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How to join the bickering, passionate, effective family that is Madfinger Games

How to join the bickering, passionate, effective family that is Madfinger Games

In May 2016, Czech mobile developer Madfinger celebrated its sixth birthday.

It also announced that its nine games so far - from 2010's Samurai: Dojo to 2015's Unkilled - have achieved an acculumative total of 150 million downloads.

However, keen not to get too preoccupied with misty-eyed nostalgia, the firm continues to push forward.

Just days after the anniversary, former Funcom and Behaviour Interactive man Miguel Caron was announced as the new Studio Head.

His appointment is just the start of a hiring drive at the studio, as it prepares to unveil its next game later in 2016 - "an FPS where you can actually immerse yourself," as Caron somewhat cryptically hinted to PocketGamer.biz.

To learn more about the firm's unique - or, to remain on-brand, "mad" - company culture, PocketGamer.biz reached out to Recruiter Honza Stafa.

PocketGamer.biz: Could you give us some background on Madfinger and what you do?

Honza Stafa: Four game industry vets on the verge of corporate burnout started Madfinger in 2010 with one goal: make the type of mobile games that we want to play.

This meant better graphics, faster gameplay, deeper storylines, and higher production values all around. This also meant a destruction of what we like to call the “vertical hierarchy” that plagues so many projects.

Six years, 150 million downloads, and fistfuls of awards later, Madfinger is still here.
Honza Stafa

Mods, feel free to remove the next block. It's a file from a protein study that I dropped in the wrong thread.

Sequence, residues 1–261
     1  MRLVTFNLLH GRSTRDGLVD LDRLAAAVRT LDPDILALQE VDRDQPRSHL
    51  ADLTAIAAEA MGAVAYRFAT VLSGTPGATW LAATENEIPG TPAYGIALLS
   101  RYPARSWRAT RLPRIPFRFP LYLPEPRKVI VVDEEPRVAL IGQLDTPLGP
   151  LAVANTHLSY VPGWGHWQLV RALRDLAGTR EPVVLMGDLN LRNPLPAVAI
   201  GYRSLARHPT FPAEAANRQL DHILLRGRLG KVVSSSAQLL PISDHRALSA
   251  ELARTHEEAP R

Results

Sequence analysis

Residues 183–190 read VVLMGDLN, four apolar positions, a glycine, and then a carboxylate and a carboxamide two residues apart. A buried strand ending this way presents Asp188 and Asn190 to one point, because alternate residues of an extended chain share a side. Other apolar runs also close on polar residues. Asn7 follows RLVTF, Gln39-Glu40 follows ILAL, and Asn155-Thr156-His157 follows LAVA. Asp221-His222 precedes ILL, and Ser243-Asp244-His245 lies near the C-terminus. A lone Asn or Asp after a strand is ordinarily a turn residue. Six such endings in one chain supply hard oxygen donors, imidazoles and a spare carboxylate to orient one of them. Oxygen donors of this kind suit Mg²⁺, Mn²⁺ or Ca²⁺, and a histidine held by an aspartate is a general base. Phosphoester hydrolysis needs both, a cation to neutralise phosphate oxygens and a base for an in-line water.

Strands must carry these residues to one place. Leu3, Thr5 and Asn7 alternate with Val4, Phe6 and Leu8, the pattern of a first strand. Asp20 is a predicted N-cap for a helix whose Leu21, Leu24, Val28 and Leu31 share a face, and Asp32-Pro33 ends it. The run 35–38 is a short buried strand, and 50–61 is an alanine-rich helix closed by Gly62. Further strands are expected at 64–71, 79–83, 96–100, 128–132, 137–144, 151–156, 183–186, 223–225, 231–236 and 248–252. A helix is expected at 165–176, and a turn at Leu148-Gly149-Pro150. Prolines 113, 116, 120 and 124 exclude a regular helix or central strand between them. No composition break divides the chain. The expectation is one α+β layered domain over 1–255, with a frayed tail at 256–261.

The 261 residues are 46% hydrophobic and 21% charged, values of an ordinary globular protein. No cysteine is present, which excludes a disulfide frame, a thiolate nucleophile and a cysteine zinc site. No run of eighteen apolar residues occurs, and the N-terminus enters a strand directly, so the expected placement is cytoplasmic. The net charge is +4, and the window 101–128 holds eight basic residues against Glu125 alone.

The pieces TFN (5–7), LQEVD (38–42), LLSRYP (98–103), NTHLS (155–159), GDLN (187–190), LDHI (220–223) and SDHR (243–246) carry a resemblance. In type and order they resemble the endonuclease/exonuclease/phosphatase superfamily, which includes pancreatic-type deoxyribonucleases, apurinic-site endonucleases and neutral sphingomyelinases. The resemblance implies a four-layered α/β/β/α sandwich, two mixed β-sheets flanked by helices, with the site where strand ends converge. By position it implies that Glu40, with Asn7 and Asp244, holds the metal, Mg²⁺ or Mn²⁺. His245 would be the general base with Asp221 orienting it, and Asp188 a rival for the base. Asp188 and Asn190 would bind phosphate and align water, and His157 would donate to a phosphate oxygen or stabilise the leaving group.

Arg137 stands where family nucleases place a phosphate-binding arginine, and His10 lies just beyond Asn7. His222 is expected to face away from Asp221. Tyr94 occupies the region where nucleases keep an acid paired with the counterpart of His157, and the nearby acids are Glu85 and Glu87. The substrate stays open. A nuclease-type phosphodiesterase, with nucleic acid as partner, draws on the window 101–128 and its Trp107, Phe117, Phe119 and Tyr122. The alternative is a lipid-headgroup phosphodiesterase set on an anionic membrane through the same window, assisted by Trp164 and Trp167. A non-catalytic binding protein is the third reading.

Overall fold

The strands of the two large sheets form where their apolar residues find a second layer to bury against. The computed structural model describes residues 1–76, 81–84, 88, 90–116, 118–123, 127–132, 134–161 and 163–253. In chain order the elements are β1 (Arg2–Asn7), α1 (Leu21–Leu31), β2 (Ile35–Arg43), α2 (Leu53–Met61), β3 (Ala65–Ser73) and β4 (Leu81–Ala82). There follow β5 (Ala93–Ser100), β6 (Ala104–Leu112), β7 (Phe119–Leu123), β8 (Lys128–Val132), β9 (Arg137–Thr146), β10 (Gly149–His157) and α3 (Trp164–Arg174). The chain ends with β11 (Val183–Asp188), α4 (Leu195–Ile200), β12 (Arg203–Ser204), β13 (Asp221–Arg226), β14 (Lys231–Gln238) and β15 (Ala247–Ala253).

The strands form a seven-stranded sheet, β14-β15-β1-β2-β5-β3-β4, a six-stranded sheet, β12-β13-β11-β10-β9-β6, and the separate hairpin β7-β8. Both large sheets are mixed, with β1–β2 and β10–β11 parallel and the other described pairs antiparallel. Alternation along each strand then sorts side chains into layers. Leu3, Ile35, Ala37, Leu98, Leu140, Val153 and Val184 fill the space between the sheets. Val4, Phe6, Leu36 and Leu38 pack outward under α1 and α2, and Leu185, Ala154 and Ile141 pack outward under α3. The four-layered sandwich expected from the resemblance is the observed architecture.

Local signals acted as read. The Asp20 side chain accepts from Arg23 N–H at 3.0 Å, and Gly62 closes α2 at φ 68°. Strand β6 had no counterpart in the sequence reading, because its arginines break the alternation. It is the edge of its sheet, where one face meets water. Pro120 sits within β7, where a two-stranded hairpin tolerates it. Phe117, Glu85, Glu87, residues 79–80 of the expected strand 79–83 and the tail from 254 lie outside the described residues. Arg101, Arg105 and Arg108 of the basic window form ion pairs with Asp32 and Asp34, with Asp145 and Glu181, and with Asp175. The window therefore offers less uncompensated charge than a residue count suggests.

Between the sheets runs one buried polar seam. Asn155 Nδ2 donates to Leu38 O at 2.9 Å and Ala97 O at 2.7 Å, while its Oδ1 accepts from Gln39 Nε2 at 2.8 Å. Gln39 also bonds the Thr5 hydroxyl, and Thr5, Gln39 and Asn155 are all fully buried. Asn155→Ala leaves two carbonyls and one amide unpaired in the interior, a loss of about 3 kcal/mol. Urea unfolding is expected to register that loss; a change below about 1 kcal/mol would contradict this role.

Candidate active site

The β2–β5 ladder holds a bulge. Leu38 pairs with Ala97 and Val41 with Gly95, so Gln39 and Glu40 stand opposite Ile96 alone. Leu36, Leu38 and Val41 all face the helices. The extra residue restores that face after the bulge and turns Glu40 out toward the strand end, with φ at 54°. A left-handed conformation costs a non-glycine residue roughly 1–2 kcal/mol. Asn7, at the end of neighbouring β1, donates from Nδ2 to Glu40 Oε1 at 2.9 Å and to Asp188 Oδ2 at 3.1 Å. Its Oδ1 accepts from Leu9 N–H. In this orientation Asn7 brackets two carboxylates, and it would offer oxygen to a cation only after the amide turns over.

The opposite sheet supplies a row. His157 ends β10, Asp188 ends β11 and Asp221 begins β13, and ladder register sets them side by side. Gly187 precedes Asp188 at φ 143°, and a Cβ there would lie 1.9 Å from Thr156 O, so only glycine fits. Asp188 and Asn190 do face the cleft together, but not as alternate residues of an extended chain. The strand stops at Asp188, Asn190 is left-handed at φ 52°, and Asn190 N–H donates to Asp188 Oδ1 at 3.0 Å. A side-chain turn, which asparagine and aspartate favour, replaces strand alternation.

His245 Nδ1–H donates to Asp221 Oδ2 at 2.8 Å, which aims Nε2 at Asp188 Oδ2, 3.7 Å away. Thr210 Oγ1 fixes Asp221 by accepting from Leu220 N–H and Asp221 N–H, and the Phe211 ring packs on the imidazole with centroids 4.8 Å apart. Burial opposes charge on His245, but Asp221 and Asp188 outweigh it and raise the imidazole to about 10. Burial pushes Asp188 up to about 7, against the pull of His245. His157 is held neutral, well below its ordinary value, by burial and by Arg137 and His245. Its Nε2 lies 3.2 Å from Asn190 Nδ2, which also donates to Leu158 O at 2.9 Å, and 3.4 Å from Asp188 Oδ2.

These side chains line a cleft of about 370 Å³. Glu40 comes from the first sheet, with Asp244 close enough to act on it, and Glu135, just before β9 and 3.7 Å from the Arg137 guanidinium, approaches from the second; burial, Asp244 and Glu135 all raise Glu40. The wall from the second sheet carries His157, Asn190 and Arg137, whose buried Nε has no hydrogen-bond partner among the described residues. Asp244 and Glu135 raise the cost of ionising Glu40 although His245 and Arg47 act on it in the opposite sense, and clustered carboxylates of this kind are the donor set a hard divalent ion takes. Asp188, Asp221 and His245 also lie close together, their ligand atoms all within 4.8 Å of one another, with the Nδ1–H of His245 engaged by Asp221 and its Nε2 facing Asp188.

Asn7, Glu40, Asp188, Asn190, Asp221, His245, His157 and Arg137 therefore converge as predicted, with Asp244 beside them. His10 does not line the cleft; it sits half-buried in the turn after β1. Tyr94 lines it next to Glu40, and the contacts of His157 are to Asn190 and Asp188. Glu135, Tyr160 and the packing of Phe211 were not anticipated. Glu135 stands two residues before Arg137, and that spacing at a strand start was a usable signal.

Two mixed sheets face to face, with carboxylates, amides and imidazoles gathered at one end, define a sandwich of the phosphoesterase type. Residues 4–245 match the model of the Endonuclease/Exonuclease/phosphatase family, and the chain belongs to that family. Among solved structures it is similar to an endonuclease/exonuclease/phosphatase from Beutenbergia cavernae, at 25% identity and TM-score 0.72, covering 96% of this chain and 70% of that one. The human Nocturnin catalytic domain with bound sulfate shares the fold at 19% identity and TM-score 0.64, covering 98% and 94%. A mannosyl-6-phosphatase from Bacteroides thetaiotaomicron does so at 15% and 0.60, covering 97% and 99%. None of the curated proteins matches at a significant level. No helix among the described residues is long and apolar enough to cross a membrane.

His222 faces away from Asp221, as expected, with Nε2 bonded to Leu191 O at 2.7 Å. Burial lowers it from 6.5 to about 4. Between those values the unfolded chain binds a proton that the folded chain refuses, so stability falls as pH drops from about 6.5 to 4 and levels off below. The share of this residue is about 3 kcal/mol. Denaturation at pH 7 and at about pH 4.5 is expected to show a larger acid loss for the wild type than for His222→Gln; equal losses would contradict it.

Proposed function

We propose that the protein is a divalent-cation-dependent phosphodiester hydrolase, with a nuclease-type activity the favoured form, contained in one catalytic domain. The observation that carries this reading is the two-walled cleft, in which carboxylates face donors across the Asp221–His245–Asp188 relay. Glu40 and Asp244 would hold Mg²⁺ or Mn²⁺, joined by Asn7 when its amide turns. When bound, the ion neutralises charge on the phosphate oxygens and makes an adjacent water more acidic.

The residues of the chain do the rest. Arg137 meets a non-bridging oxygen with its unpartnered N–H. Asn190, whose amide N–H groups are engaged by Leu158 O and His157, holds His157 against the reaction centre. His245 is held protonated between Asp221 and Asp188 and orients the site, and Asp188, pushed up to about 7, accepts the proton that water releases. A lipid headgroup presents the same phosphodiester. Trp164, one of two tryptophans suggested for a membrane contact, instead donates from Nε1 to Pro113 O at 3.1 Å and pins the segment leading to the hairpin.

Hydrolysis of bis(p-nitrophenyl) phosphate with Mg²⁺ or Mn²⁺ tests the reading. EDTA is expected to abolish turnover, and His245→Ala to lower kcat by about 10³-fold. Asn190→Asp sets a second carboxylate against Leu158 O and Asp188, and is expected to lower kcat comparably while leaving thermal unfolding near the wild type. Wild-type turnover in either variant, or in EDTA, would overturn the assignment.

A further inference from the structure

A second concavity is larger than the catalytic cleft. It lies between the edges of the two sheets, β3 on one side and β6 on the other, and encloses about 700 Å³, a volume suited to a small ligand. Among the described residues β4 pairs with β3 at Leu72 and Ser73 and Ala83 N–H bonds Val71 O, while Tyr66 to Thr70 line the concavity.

We’re all gamers here. We all have something to contribute. We took that vertical hierarchy and made it lateral. We busted our asses. We made some mistakes. We learned from those mistakes.

And we kept asking ourselves: are we making the type of game that we’d want to play?

Six years, 150 million downloads, and fistfuls of awards later, Madfinger is still here.

And that all-important question - would we play the type of games we’re making? - is still embedded in our culture.

Every employee is crucial to our games’ success. Businesses are fond of using the word “family” to describe their work culture, and it’s become such a trite concept because it implies this all-smiling, all-loving atmosphere, blah blah blah.

But our family is a family in the truest sense of the word: we’re all a little mad. We bicker, we argue, we find common ground, and we remain loyal to that original goal: make the type of games that we want to play. Full stop.

What specific areas/disciplines are you currently hiring in?

The short answer: experienced senior people in every area of game production: 3D artists, game designers, animators, game programmers, backend coders and multiplayer programmers.

As you're overseeing recruitment at Madfinger, what do you look for in candidates?

A little madness.

Look: we can try to sound all official but really we’re just a bunch of people trying to create amazing games. We want to work with professionals who understand the importance of having fun. If you have fun, you create fun.

Miguel Caron and Influencer Relations Manager Zbyněk Bašník enjoy some downtime